Janus Henderson: Brexit – political pressure builds

​Paul O’Connor, Head of Janus Henderson’s UK-based Multi-Asset Team

​Paul O’Connor, Head of Janus Henderson’s UK-based Multi-Asset Team, considers the current state of Brexit given a six-month extension to the deadline for Britain to leave the European Union.

23.04.2019 | 13:36 Uhr

The recently agreed extension of the Brexit deadline to 31 October 2019 removes some of the immediate pressure on the negotiations and market concern surrounding the topic. It does not, however, alter the key challenges facing the process nor provide any greater clarity on the direction in which Brexit will ultimately unfold. All options are still on the table, from no deal to no Brexit.

May Brexit?

The extension still leaves scope for the UK to leave the European Union (EU) before the 31 October deadline, if a withdrawal agreement is ratified before European Parliament elections take place in late May. Otherwise, the UK will participate in these elections and the October 31 deadline will become the next key milestone on the long and winding Brexit road.

The potential for a May 2019 Brexit hinges on the ongoing cross-party negotiations delivering an agreement that the UK parliament can approve in the next few weeks. The challenges here remain formidable. For one thing, it is questionable whether the Labour Party is incentivised to deliver a solution to a problem that is so clearly damaging Conservative Party unity. Second, it is hard to envisage a significant number of Conservative MPs supporting the sort of deal that would be acceptable to Labour. If voting patterns in the recent parliamentary indicative votes are anything to go by, the two parties are still a long way from agreeing on any form of Brexit.

Table: MP support for Brexit options in parliamentary indicative vote

MP support for Brexit options in parliamentary indicative vote

Source: House of Commons Library, as at 3 April 2019. Numbers represent MPs voting for each option on votes held 1 April 2019

One consequence of the Brexit deadline being shunted six months down the road, is that it broadens the scope for political developments to further complicate the process. The two big contenders here are the possibility of a Conservative Party leadership contest and an early general election. Each of these could inject significant new political energy into Brexit and potentially shift the current meandering directionless process onto a more decisive path. 

May exit?

The extra time provided by the Brexit extension provides an opportunity for the Conservatives to hold a leadership election, if that is a direction that they want to take. This is certainly a conceivable outcome in the months ahead, given Theresa May’s unpopularity among her party and its Democratic Unionist Party (DUP) partners. Senior DUP politicians have been scathing about May’s recent political decision-making and are in a strong position to demand a change of leader, given that a loss of their support would eliminate the government’s Commons majority. While party rules do not allow another leadership election until December, Theresa May looks set to remain under persistent pressure to resign before then. This pressure looks will probably intensify further if the party suffers heavily in the upcoming EU elections, as seems very likely.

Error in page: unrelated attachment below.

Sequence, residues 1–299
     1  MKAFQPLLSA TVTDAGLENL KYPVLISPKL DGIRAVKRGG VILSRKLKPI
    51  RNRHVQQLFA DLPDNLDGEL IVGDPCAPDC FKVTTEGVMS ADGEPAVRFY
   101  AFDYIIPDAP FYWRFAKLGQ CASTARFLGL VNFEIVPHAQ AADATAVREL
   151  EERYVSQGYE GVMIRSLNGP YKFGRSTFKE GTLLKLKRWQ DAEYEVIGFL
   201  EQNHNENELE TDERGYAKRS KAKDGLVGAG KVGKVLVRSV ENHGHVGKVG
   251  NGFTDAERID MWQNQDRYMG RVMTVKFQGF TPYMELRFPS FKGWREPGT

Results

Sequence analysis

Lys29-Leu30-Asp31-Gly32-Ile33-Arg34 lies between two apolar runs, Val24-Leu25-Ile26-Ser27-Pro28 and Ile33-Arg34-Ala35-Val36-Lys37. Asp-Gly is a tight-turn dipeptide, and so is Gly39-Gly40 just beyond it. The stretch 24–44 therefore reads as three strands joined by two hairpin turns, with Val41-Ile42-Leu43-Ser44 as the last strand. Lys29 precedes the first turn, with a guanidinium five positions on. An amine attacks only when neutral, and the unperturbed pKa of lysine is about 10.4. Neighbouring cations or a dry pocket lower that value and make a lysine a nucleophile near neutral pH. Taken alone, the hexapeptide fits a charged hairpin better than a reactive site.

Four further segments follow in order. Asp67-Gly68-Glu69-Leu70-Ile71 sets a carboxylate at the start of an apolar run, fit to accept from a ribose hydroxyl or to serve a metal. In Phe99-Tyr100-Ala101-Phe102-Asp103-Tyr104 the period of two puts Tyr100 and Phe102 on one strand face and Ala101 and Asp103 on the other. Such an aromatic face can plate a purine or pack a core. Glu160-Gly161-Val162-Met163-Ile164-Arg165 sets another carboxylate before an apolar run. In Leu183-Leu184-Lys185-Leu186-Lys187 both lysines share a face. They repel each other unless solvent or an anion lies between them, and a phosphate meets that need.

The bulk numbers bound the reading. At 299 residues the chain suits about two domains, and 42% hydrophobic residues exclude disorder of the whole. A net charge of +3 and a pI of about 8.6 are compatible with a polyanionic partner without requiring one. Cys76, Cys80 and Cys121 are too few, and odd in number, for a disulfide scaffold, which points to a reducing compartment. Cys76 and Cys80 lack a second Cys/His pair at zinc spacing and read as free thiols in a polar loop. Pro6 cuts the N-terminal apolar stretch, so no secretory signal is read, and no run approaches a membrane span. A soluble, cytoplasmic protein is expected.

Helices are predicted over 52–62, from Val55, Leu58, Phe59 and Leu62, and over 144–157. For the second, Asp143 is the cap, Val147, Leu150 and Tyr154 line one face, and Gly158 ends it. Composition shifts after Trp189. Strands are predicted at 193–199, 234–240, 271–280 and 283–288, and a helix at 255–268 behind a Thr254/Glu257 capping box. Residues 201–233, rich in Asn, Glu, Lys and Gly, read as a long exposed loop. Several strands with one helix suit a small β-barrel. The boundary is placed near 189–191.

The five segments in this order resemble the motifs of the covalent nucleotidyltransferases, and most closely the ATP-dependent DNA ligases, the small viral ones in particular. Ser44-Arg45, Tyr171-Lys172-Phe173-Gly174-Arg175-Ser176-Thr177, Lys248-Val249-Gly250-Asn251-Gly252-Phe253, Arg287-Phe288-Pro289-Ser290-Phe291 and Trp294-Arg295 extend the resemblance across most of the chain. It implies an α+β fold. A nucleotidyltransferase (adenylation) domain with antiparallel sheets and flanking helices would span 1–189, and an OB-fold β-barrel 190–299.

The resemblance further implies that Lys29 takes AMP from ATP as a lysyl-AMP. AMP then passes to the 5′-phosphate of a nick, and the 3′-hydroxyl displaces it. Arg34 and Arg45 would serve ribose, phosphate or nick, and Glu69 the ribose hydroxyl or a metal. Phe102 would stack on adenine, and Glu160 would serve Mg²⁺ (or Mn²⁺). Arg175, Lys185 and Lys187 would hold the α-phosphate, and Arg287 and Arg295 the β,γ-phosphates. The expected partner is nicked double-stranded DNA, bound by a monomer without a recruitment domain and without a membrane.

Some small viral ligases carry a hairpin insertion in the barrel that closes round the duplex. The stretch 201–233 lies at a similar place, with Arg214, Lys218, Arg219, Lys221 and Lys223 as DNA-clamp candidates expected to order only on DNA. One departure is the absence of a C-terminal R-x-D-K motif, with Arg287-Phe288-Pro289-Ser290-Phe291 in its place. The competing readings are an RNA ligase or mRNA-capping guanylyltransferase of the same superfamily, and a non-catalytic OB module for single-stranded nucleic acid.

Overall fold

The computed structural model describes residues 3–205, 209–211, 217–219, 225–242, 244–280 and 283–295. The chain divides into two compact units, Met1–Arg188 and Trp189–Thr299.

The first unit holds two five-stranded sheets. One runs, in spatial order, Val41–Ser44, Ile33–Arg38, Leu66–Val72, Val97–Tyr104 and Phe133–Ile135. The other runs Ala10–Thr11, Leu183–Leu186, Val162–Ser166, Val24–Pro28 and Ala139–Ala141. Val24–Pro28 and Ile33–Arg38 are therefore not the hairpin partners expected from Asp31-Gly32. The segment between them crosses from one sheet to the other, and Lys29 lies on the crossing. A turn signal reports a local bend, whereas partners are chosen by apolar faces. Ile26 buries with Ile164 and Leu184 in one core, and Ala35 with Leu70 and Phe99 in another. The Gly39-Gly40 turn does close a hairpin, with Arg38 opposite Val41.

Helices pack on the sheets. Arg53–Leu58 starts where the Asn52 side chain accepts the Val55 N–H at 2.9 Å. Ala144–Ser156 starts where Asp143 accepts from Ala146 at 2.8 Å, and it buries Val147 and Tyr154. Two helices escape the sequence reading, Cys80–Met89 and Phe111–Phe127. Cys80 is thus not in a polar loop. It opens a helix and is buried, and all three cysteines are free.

A change in Conservative Party leadership could set in train a chain of political events that ultimately have a big impact on the Brexit process. First, it is quite likely that the next party leader will be a Eurosceptic who will take a more aggressive stance in the EU negotiations, potentially reviving the threat of a no deal Brexit. This, in turn, could cause a meaningful splintering of the parliamentary Conservatives with disenchanted moderate MPs resigning from the party.

General election?

Another potential spillover is that a change of leader in the Conservative Party would probably increase the chance of the UK having an early general election in 2019. This could be called by a new leader, in an attempt to secure a clear mandate from the broad electorate. Alternatively, if leadership change or anything else does split the Conservatives, this could erode the government’s parliamentary majority giving Labour the opportunity to call for a vote of no confidence in the government, opening another possible route to a general election.

A general election could be a game-changer for Brexit, given that it would effectively offer the country the chance to choose between two highly polarised visions of the UK’s future relationship with the EU. While a Conservative manifesto would probably focus on a “clean-break” strategy — a hard version of Brexit from an economic perspective — Labour would almost certainly offer another referendum and a chance to vote to revoke the whole process.  

Something better change

A general election would not in itself guarantee a more decisive Brexit strategy, but it does increasingly look like the most plausible way of breaking the current deadlock. Unless cross-party talks deliver a surprise agreement in the next few weeks, it seems fair to conclude that the Brexit process has hit a dead end. Parliament has failed to form a majority on any sort of Brexit and the government is hamstrung by its efforts to preserve Conservative Party unity. 

While, in theory, this unstable equilibrium could be maintained for many months, even leading to an extension of the extension and a seemingly unending Brexit process, political pressures are building and at some stage look set to erupt and jolt the UK towards making a real choice on this tricky topic. 

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